When you first get into the world of CNC you often find overwhelming information that can be challenging to navigate. Contrasting each manufacturer and product is akin to comparing apples and oranges. Each product line, manufacturer, and model falls into different places on the CNC spectrum.
In this article we will breakdown the 3 primary categories of CNC Routers: Hobby, Prosumer, and Professional. Each has a set of metrics that can do a lot of the initial heavy lifting when researching a machine that is optimal for your specific needs and budget. Lets dive into the many factors that determine a machine category such as size, cost, production capabilities, options, and breakdown the pros and cons for each.
- Hobby – CNC Kits
Hobbyist kits are the least expensive type but require the most amount of experience, time, and patience. These router kits have to be assembled and calibrated and getting one up and running is a whole project by itself. Hobby CNC machine kits are best for non-commercial use and can be hit or miss when using in a production model. Understanding of electronics, mechanics, computers, and software is a must to have an efficient running machine for the desired utility. Hobby machines are not nearly as rigid or reliable as other CNC types.
For the hobbyist who has time to fidget, troubleshoot, and hack away – it can be a fun activity with rewarding outcomes. Other hobbyists who lack in-depth knowledge of the mechanical, software, or both sides to a CNC machine often find kits to be frustrating and time-consuming and would opt for a more turnkey, ready to run machine. Inventables and Shapoko are a couple of brands that are popular in the hobbyist market. These kits often use cheaper components belts that can stretch and wear more than the alternative lead screw systems. The cheap plastic wheels for the linear drive mechanism in hobbyist CNCs is a disadvantage in both precision and replacement.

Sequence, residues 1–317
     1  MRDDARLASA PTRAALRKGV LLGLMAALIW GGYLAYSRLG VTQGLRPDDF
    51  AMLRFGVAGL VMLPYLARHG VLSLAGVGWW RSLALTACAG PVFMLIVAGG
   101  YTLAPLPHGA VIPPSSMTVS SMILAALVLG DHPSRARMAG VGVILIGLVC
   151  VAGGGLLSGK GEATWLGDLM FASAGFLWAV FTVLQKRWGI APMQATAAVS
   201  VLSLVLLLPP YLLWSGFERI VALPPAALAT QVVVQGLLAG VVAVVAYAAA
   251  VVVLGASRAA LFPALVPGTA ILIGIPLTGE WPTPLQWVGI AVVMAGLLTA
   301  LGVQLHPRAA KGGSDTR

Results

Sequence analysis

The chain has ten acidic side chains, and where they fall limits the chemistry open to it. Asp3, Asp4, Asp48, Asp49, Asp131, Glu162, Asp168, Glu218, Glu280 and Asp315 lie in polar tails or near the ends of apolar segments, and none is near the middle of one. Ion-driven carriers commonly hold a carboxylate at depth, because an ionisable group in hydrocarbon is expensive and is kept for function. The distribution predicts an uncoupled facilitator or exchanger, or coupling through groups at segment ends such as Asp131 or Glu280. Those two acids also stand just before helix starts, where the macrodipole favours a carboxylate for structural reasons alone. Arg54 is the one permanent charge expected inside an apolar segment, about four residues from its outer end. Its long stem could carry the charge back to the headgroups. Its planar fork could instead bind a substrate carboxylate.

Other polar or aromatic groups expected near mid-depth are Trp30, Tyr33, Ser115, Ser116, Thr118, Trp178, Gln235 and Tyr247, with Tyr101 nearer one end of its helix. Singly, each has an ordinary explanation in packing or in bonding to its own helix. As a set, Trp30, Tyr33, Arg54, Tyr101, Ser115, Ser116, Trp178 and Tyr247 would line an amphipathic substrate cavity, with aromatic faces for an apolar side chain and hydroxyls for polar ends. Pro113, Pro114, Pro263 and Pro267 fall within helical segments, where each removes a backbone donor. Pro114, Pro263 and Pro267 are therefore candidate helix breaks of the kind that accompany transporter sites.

Prosumer lines of CNC machines run off of inexpensive PC based controls. They should have professional drive systems to include linear rails using ACME or ball screws. These machines are more rigid, precise, and reliable. Prosumer class CNC machines are a perfect option for small business and startups. The cost of entry is lower but you can still do high quality production work.
Prosumer CNC machines also have a plethora of options the consumer can choose to customize the machine to their needs. You can often choose any spindle or router and explore additions like 4th axis, handheld jog pendants, touch-off plates, engraving lasers, CAM software, threaded inserts, and more -which is rare in the hobby or commercial/pro class CNC machines. PROBOTIX fully assembled GX machines fall in the prosumer CNC category and are used for a multitude of applications from hobby woodworking, educational and university teaching, light industrial applications, and even commercial mass production.
- Professional/Commercial CNC
This class of CNC machine is the most expensive and best for larger application and companies with the capital and need to run high capacity heavy-duty industrial work. These machines run on proprietary control systems and require a higher learning curve to master the control systems. HAAS is the largest manufacturer of this class of cnc machine but bear in mind replacement parts are expensive. If your business depends on your machine running at high capacity or you can’t afford downtime when a problem occurs, you can get service calls on site but they are very expensive. Navigating the typical dealer network these class machines use can be a hassle. Typically a commercial machine requires a high dollar machinist and high level of technical skill to operate.
PROBOTIX™ is a leader in digital machining and a domestic manufacturer of fully assembled, tested, and turnkey CNC solutions – right here in the United States. Call us today at 866.492.9262 or email firstname.lastname@example.org to chat with an applications specialist to help find the right machine for your needs.